• Number of octaves. Increasing the scale by an octave means doubling the size of the smoothing kernel, whose effect is roughly equivalent to halving the image resolution. By default, the scale space spans as many octaves as possible (i.e. roughly log2(min(width,height)), which has the effect of searching keypoints of all possible sizes.
  • First octave index. By convention, the octave of index 0 starts with the image full resolution. Specifying an index greater than 0 starts the scale space at a lower resolution (e.g. 1 halves the resolution). Similarly, specifying a negative index starts the scale space at an higher resolution image, and can be useful to extract very small features (since this is obtained by interpolating the input image, it does not make much sense to go past -1).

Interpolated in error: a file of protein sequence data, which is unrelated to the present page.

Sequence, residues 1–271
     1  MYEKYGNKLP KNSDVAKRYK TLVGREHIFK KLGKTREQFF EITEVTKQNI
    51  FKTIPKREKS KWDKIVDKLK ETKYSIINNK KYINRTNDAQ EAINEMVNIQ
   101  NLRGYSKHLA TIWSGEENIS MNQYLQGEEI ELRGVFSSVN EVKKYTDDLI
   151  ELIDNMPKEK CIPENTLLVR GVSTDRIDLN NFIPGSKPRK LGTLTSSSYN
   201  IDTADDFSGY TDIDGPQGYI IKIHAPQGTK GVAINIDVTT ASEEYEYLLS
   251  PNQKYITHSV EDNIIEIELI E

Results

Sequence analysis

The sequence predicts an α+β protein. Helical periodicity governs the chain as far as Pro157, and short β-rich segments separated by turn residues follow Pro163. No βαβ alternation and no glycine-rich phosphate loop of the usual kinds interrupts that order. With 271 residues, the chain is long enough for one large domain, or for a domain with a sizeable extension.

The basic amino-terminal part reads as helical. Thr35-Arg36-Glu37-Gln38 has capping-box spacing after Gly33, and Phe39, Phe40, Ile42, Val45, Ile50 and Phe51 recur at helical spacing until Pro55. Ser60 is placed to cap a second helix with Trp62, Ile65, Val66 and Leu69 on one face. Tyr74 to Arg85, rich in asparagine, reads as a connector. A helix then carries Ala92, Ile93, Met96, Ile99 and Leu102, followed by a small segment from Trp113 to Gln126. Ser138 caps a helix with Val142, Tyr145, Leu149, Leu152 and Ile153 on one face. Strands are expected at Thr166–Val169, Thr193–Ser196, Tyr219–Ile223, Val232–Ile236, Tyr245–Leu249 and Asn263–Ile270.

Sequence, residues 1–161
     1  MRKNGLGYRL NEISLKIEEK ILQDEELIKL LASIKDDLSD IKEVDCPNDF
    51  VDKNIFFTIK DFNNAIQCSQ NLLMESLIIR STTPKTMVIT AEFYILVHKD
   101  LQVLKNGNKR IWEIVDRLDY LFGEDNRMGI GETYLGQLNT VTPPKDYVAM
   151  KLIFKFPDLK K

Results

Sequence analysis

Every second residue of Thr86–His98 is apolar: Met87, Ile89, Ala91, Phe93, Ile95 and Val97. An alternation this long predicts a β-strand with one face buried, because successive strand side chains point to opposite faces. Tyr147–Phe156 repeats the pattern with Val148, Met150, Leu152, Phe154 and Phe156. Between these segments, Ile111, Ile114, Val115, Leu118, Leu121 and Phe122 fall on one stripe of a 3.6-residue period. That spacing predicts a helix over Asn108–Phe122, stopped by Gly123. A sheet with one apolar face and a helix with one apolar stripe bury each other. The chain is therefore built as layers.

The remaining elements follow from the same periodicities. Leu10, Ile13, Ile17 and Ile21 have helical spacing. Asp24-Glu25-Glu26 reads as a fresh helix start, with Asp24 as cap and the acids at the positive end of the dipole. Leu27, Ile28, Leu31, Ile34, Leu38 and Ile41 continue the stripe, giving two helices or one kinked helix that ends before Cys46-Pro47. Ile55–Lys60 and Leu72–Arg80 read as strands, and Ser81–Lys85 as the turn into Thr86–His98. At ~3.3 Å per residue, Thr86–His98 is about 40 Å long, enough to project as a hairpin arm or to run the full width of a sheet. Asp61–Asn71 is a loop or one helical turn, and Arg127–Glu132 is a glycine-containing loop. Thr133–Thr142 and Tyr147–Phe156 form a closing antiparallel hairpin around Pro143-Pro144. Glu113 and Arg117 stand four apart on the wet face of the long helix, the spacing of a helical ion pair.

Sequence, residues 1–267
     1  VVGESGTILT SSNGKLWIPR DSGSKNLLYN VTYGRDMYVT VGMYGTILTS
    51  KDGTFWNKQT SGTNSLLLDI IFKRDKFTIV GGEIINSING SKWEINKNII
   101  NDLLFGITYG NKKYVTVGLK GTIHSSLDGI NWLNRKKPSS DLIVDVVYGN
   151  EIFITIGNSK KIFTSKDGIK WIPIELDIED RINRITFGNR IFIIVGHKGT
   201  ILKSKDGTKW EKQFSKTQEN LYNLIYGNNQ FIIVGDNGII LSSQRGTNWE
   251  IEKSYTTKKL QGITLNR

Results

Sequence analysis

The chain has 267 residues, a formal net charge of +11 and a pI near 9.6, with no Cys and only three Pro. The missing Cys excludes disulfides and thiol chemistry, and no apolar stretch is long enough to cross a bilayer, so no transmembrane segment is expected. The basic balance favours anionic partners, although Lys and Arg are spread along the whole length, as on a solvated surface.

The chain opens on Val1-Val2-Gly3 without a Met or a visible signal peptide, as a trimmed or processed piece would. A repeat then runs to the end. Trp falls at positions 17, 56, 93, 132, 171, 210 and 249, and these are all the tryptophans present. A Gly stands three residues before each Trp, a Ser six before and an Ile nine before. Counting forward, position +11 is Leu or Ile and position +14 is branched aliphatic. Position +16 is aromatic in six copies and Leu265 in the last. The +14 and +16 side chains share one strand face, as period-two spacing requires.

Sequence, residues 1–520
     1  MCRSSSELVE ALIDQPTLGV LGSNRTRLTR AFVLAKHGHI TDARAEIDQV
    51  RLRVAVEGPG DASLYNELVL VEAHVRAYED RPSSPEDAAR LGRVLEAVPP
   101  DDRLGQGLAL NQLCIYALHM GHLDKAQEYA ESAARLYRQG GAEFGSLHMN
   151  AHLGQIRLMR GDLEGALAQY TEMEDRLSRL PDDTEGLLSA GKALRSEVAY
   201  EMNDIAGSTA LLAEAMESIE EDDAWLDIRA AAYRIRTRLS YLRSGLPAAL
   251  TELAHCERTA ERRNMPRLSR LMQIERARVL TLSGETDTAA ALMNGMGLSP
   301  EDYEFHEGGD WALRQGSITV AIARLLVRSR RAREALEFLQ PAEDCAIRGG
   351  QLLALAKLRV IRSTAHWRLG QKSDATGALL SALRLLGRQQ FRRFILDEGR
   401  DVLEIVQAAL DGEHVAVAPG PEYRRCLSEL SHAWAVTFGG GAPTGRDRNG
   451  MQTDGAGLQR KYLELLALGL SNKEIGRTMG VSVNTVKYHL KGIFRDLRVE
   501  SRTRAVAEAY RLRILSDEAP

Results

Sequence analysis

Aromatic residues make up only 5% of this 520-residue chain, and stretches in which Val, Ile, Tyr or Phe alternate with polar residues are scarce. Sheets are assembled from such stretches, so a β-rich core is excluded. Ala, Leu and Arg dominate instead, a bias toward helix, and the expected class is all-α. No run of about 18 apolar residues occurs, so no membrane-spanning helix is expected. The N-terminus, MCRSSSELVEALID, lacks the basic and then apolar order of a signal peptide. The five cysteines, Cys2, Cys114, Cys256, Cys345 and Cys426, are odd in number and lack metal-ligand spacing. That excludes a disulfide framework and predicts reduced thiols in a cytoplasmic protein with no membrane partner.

• Number of levels per octave. Each octave is sampled at this given number of intermediate scales (by default 3). Increasing this number might in principle return more refined keypoints, but in practice can make their selection unstable due to noise (see [1]).

Keypoints are further refined by eliminating those that are likely to be unstable, either because they are selected nearby an image edge, rather than an image blob, or are found on image structures with low contrast. Filtering is controlled by the follow:

  • Peak threshold. This is the minimum amount of contrast to accept a keypoint. It is set by configuring the SIFT filter object by vl_sift_set_peak_thresh().
  • Edge threshold. This is the edge rejection threshold. It is set by configuring the SIFT filter object by vl_sift_set_edge_thresh().
Summary of the parameters influencing the SIFT detector.
Parameter See also Controlled by Comment
number of octaves SIFT detector vl_sift_new
first octave index SIFT detector vl_sift_new set to -1 to extract very small features
number of scale levels per octave SIFT detector vl_sift_new can affect the number of extracted keypoints
edge threshold SIFT detector vl_sift_set_edge_thresh decrease to eliminate more keypoints
peak threshold SIFT detector vl_sift_set_peak_thresh increase to eliminate more keypoints

SIFT Descriptor

See also
Descriptor technical details